Q&A / 

How To Repair Hardwood Floor Cracks

Quick Column Summary:

  • Hardwood floor defect repairs
  • Cracks in hardwood repairable
  • Lighting highlights problems
  • Practice installing and staining flooring

DEAR TIM: I've got cracks between the tongue and groove boards of my hardwood floor in certain places. One of the locations is in front of my refrigerator where the ice maker supply line developed a tiny leak that went undetected for a month. Other places are in the middle of the room where no water touched the wood. Some of the individual pieces of wood are now humped. Can these be easily repaired or must the entire floor be refinished? I'm not looking for perfection, but it would be nice. Melinda B., Durango, CO

DEAR MELINDA: Many people suffer from hardwood floor defects just like you. The reasons are many, but the solutions are few. The good news is the cracks can be fixed so the floor looks brand new. Rarely do you have to refinish the entire floor, but in certain instances it's required.

Defects in most hardwood floors stand out like a sore thumb or a pimple on a forehead because of the flat shiny finish you see on most hardwood floors. The higher the gloss on a surface the more the surface will telegraph a flaw.

This hardwood floor got wet, swelled, then dried. Cracks are now telling the ugly tale. Photo Credit: Tim Carter

This hardwood floor got wet, swelled, then dried. Cracks are now telling the ugly tale. Photo Credit: Tim Carter

The reason for this is light and light reflection. When light hits a shiny surface it reflects at a certain angle. If the surface is not flat, in your case the humps in the boards are anything but flat, the light reflects off at different angles highlighting the hump. If the hardwood flooring had a matte finish, much of the light would be absorbed by the finish and you wouldn't see the hump.

I'm sharing this so you realize if you don't want to see the humps, you're going to have to at least sand and refinish that part of the hardwood floor. If your floor is like the one in my house, I have red maple flooring with no stain, you can get away with sanding an area and then just putting a clear finish on that part of the floor. I had to refinish part of my hardwood floor a few years ago and you couldn't tell where the floor had been sanded and refinished.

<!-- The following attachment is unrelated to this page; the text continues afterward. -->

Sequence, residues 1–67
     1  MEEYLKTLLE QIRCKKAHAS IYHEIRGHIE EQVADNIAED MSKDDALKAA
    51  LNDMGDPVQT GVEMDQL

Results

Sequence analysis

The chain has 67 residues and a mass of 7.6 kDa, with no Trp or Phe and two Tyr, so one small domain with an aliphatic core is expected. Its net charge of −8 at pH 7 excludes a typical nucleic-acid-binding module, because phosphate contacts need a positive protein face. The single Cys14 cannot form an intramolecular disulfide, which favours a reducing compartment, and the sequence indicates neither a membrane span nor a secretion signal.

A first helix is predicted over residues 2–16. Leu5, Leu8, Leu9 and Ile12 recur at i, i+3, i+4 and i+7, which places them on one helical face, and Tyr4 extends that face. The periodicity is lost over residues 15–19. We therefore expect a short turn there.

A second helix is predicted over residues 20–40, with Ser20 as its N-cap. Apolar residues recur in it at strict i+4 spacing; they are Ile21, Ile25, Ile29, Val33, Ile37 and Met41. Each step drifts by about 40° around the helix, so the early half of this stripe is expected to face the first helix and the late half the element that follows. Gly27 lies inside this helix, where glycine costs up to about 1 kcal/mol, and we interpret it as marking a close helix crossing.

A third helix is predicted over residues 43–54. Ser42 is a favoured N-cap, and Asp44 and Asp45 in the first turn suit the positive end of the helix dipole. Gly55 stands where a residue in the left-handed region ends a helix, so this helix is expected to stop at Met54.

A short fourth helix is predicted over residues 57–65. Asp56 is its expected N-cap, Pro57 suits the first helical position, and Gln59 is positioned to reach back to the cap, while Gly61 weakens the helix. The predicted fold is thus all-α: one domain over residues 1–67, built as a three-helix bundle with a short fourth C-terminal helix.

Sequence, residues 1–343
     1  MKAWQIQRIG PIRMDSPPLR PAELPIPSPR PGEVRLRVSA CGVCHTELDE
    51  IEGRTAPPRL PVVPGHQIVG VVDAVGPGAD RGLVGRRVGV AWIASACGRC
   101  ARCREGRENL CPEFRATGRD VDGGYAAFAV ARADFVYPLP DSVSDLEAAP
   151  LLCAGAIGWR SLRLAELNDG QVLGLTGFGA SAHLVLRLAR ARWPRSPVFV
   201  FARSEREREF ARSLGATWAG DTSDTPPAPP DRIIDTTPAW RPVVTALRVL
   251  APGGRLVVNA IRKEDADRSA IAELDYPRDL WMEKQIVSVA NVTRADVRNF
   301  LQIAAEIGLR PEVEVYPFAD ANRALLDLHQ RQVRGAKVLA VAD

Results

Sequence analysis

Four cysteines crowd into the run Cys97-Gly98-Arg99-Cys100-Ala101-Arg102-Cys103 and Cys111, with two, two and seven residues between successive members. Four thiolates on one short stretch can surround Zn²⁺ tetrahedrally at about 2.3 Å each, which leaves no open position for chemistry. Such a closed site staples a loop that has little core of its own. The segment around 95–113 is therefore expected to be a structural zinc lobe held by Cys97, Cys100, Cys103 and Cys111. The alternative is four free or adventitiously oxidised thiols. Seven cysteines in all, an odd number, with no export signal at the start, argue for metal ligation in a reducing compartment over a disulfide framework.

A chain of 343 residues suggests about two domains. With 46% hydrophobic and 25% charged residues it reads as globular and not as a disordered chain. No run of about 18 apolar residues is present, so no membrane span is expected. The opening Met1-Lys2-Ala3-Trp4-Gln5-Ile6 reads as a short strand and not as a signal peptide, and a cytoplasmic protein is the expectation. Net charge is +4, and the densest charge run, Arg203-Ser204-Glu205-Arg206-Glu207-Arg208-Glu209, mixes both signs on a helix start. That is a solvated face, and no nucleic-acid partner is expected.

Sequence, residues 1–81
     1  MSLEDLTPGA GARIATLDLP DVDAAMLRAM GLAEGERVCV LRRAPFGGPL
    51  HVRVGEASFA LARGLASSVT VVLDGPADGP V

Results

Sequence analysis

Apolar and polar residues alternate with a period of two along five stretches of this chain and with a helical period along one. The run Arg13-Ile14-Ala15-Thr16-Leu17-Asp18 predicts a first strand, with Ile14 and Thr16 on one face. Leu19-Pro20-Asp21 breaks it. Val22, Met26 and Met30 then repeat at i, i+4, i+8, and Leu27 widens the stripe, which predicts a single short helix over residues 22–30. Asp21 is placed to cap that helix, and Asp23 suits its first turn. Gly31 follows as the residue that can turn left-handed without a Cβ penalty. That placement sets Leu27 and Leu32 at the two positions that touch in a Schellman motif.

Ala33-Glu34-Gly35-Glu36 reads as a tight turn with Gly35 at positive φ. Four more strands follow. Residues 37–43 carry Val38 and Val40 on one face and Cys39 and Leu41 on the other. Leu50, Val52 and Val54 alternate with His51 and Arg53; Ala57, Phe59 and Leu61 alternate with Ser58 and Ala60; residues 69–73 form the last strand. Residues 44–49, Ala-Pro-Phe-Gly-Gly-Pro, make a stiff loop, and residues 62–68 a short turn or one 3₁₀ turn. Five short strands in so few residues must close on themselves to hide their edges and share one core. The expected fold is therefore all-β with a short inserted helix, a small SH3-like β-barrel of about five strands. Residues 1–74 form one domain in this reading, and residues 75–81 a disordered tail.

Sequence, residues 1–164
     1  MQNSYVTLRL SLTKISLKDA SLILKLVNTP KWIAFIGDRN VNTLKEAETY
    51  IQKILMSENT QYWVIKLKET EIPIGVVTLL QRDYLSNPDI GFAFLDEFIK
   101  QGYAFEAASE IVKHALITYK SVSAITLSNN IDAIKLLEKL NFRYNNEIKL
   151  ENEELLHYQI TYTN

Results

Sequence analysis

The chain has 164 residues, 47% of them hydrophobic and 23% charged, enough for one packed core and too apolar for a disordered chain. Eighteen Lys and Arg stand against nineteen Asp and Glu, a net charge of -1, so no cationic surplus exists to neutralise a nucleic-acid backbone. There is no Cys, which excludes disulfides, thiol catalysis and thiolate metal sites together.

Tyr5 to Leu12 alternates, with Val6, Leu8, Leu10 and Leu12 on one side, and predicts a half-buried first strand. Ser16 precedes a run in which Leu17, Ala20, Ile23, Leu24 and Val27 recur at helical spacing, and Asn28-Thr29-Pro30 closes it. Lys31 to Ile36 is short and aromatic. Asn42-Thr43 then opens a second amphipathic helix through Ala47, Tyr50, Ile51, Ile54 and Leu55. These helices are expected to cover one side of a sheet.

If your hardwood has a stain, you can sometimes sand and stain the sanded area blending in the repair job so no one sees it. I've done this on any number of occasions. It was not easy, but I did it. True professionals can do this repair as well.

The first step in this process is to clean the hardwood floor well so you can see the real color. If you're lucky enough to have a closet where the hardwood flooring is present, you want to experiment here with your stains and refinishing. If you can't get it right in the closet, you don't stand a chance out on the open floor.

The color of the stain when it's wet on the sanded hardwood just after wiping it with a rag is what it should look like when the clear finish is applied. This will help you get the color correct. If you can't seem to do this, always make sure the stain color is slightly lighter than the flooring. You can then add pigment to the clear finishes until you get it right. Once the color is correct, then you apply two coats of clear finish on top of the pigmented finish.

Filling the cracks in flooring can be daunting. The fillers almost always look worse than the crack itself. Some of the fillers don't take stain well. The other issue is the natural grain of the hardwood. When you fill a crack with filler, it's a mono-color-texture material. When it's stained, it look one color.

Your hardwood flooring has random grain lines that create its natural beauty. You'd have to take an eyeliner pen or similar device to create realistic grain lines in the filler to mimic the ones Mother Nature created in the hardwood flooring strips.

A professional would just invest the time to remove the swelled pieces of flooring and install new strips of hardwood with no cracks. A professional can sometimes do this in just a few hours if the area is small. Consider investing in this to get great results.

Another option is to bring in a furniture repair wizard. These master craftsmen and women have magic boxes that house an alcohol lamp, hard lacquers and other materials allowing them to fix deep scratches, dents, chips etc. in fine furniture. I can tell you I've had this done and it's impossible to tell where the furniture is repaired. Fixing a hardwood floor crack or two would be child's play for them.

If you decide to try to refinish a small section of the floor yourself and have never done this before, I beg you to purchase a small amount of hardwood flooring and install it on a piece of 3/4-inch wood in your garage. Get out your belt sander and sand the wood until it's as smooth as a piece of glass.

Practice staining and applying clear finish on this test area. When you feel it looks fantastic, then open the door to your home and have at it. Don't underestimate how hard it is to get professional results. The good news is if you make the floor look worse with your repair attempts, you can bring in a pro to bail you out. It' pretty hard to ruin a hardwood floor unless you sand too much of it away.

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